Several of the players have become routine ice bath participants, but there just doesn't seem to be the same burst off the ground on either end of the floor. Julian Jacobs had been good each game for one difficult dunk that he made look way too easy throughout the first half of the year, but those seem to be occurring every other game now.

Katin Reinhardt was 1-of-5 on 3-pointers Saturday and he has made just seven long distance shots in the last six games. Elijah Stewart was shooting 52.4 percent on 3-pointers the first 10 Pac-12 games, but during USC's 2-6 slump to end the regular season, Stewart's percentage slumped to 37.9. Jordan McLaughlin has been wildly inconsistent. He has four 20+ point performances in the last 14 games, but also has been held to single digits six times during that period.

"Jordan McLaughlin has a very high percentage from the field and the three-point line the entire season. He might have been worn down a little bit today. He was 4-for-12, 0-for-4," Enfield said. "Julian was 2-for-8 from the field and those guys played the most minutes. I'm not sure if fatigue had any effect or not, but I do know they play as hard as they can every game and they just had trouble making shots today."

USC only has a four-guard rotation, so it's not like there are any reinforcements since three of the four are going to be on the court at every point. When a guy gets in foul trouble like Stewart did Saturday, it just forces more minutes on the other guys. Enfield tried to use Malik Marquetti midway through the second half, but he got blown by on his first defensive possession and struggled hanging on to the ball, nearly losing it twice without any pressure during his two-minute stint. The Trojans have a pair of talented incoming freshman guards, but those reinforcements won't do this year's team any good.

Strahinja's Senior Moment

Not many teams still start their seniors in the final game as used to be the tradition across the nation, but Andy Enfield did so on Saturday for USC's one senior, Strahinja "Luis" Gavrilovic. It was Gavrilovic's first start since Feb. 20, 2014. The move paid off for the Trojans as Gavrilovic scored the first four points of the game and helped USC jump out to a 7-2 lead in the first three minutes of the game before he was replaced.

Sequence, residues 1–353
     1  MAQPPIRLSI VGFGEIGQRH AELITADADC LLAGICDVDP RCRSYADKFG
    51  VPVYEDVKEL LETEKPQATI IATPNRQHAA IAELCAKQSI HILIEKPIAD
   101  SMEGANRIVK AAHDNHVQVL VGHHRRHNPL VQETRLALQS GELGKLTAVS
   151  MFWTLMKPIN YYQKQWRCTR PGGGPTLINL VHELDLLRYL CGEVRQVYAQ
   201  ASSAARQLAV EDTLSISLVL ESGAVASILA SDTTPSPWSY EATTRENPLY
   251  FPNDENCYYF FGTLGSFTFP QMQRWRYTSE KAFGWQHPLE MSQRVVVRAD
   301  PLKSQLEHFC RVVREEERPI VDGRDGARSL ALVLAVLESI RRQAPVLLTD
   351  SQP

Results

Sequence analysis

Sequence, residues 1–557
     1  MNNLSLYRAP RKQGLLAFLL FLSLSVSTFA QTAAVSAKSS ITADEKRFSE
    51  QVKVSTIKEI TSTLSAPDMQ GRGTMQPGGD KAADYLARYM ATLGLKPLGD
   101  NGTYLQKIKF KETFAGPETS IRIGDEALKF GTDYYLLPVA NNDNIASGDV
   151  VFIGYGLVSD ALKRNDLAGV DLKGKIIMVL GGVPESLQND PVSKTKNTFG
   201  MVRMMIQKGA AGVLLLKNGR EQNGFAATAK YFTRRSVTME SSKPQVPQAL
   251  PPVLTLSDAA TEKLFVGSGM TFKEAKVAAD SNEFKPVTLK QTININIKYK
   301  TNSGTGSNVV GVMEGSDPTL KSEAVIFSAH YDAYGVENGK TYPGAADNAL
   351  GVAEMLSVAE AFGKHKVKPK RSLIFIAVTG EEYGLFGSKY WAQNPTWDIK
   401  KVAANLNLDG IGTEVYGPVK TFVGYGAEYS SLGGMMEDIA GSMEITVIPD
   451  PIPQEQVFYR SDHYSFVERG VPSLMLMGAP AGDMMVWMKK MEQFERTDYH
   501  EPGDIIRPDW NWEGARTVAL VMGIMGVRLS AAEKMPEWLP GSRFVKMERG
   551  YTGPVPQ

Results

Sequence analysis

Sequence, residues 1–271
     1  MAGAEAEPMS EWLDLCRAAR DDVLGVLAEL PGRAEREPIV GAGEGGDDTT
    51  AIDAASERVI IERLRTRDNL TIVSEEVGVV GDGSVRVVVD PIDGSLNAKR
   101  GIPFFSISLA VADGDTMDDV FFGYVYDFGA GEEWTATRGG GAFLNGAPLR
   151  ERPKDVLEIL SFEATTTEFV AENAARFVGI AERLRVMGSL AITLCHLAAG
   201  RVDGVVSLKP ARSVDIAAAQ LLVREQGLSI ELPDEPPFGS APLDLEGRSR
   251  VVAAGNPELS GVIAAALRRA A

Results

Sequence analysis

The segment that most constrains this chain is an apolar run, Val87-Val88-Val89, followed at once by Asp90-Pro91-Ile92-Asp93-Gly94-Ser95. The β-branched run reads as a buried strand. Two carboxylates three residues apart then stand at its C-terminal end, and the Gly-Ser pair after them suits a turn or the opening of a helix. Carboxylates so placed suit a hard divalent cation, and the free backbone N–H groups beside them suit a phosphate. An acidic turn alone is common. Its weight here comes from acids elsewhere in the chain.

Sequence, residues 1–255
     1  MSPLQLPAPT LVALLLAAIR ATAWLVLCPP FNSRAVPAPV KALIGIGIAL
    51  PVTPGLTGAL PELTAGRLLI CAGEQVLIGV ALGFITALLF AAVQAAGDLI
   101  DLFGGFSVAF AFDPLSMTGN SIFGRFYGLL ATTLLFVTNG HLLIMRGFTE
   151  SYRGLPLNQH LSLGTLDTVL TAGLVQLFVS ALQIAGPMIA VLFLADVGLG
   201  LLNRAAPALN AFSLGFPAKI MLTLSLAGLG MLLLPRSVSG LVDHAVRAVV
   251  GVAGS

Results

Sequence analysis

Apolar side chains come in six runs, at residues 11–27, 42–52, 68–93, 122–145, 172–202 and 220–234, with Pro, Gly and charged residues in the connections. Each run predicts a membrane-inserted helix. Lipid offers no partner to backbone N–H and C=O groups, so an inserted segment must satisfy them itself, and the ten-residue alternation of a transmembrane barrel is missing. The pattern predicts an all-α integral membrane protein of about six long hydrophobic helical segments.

"I thought it was great. He played awesome," Enfield said. "He's one of the hardest working players I've ever coached. He brings everything he has to practice. He competed tonight. He played great. We're just so happy for him."

After averaging 4.9 points and 2.7 rebounds in 13.7 minutes last season, Gavrilovic's role saw a drastic decline this year as freshmen Bennie Boatwright and Chimezie Metu took over primary roles in the rotation of forwards. After sitting out the first 11 conference games, he has made a brief apperance in each of the last seven games, but has played just 42 minutes in 17 total games. Gavrilovic was never one to complain though and is appreciated by all of his teammates, particularly fellow Serbian Nikola Jovanovic.

Brian Rothmuller |
"He's been my best friend since I came here. He's such a great guy and great individual. I learned a lot from him. He helped me adjust when I came here as a freshman."

Up Next

USC finishes the regular season 20-11 overall and 9-9 in conference play. The Trojans head to Las Vegas for the Pac-12 tournament where they will take on rival UCLA for the third time this season in their opening round game at 6 p.m. on Wednesday. USC has blown out the Bruins twice this season and would love to repay UCLA for last year's 96-70 beatdown in the Pac-12 tournamentthat ended the Trojans season.



- USC fell to 1-8 this season when trailing at halftime.

- The Trojans fell to 5-7 when being outrebounded.

- USC fell to 2-9 when being outshot by the opposition.

- Only three Trojans scored in double figures. USC’s record in games with three players scoring 10+ points fell to 3-7.

- USC was 4-for-19 from three point range (21.1 percent).  It was just the eighth time this season USC did not hit six or more threes. 

- The Trojans finish the regular season 16-2 at home. Top Stories